The Egyptian president, Mohamed Morsi, has already answered the question in the title by declaring that “Egypt will never go bankrupt”. But judging by some of the recent headlines, skeptics are still unconvinced. What does it mean for a country to go bankrupt anyway? And is Egypt really on the brink of financial collapse?
Rather than using the poorly-defined term “bankruptcy”, an alternative way for analyzing the financial sustainability of a country is to assess its ability to meet its external financing needs, which consist of:
- Trade deficit (excess imports over exports)
- Interest payment on existing debt
- Paying back external debts as they fall due
In the short term, external financing needs can be met by borrowing or drawing from foreign currency reserves. But no country can borrow forever and reserves will eventually be exhausted, so the economy must eventually adjust to rebalance external finances.
In an ideal world, the adjustment is done in a benign manner in which the country gradually winds down its debt, boosts exports and reduces imports costs. But in times of crisis, a country may be forced to do the whole adjustment momentarily by defaulting on debt and instantaneously cutting imports—including food, medicines and energy needs. This is the dreaded “going bankrupt” scenario. One reason for the unpopularity of the IMF standard conditions is that the speed of adjustment they require is too quick for most countries’ liking.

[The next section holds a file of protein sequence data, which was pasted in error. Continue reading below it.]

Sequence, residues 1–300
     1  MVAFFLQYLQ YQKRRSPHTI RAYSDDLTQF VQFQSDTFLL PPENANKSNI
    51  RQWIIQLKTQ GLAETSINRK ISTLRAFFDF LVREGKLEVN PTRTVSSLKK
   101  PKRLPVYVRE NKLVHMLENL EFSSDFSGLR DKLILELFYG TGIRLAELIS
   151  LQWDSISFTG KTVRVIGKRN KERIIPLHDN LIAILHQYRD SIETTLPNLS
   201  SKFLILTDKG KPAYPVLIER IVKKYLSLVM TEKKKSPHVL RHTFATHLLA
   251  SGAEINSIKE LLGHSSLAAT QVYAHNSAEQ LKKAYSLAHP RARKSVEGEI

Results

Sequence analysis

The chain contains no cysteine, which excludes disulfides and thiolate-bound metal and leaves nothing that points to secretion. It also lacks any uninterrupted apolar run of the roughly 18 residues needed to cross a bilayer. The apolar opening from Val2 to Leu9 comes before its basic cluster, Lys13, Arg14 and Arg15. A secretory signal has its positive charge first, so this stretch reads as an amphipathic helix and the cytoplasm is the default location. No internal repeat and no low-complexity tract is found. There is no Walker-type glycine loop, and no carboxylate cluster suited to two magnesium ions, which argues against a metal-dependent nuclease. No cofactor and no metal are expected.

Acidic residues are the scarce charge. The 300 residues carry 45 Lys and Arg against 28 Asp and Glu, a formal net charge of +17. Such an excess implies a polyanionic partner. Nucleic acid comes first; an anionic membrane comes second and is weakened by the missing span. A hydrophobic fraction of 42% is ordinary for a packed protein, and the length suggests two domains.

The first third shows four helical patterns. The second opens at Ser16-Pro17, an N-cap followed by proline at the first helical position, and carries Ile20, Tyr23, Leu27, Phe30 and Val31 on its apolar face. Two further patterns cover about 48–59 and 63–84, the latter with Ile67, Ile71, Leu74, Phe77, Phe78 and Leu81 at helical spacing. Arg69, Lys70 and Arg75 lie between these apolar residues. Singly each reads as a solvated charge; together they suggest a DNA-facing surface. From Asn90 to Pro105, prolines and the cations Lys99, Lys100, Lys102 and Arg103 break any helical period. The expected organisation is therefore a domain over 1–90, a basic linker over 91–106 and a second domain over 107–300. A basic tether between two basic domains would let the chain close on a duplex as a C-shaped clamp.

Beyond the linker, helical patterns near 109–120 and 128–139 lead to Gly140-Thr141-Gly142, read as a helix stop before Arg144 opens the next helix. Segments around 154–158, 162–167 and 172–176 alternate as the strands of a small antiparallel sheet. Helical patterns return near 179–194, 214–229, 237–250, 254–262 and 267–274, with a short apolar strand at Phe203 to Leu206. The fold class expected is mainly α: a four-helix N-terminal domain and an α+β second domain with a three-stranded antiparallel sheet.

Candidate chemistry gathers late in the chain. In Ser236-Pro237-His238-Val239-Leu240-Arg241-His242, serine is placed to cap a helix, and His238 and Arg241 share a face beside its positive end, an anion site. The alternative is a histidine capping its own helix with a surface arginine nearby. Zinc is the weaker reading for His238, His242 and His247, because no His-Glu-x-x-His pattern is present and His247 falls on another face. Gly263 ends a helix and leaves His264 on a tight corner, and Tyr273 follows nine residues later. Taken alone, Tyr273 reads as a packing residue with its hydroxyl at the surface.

So what are the external financing needs for Egypt over the next few months? And does it have sufficient funds to avoid hard-landing?
The IMF currently estimates Egypt’s external financing needs to be $11.7 billion. This figure can be split into $5 billion of expected current account deficit (that is trade deficit plus interest payment), and $6.7 billion of maturing external debt over the next 12 months. Raising $11.7 billion over 12 months may seem formidable, especially without the help of the central bank’s foreign currency reserves which are near their minimum safety level. But a more careful look at the numbers suggests it is not so bad.
According to the Central Bank of Egypt (CBE), of the $6.7 billion of external debt maturing this year, $4 billion are Qatari deposits which are unlikely to be paid back anytime soon. On top of that, Egypt has recently managed to borrow $2 billion from Libya and an additional $3 billion from Qatar. With a further $1 billion transfer from Turkey and a potential loan from Russia, the Egyptian government seems to have secured most of its external financing needs for the next few months as the table below shows.
Despite its success in securing loans, the government’s strategy carries some risks. First, it could unravel if the financing needs increased unexpectedly as a result of energy or food price shock. A second risk is that of a speculative attack on the Egyptian pound, especially with the CBE unwilling and unable to fend them off. Third, the over-reliance on Qatari funds to keep the Egyptian economy on its feet may raise questions about the political price being paid. Fourth, even if this tactic proves successful, it is at best a short-term fix rather than a long-term solution.
But the Egyptian government seems willing to take these risks rather than embarking on the unpopular and painful economic measures requested by the IMF. Perhaps it is hoping to kick the can just far enough down the road beyond parliamentary elections.
Ziad Daoud is an economist currently working for an asset management firm. He completed his PhD at the London School of Economics.
This article was originally published on Awraq.
Photo: Nasser Nouri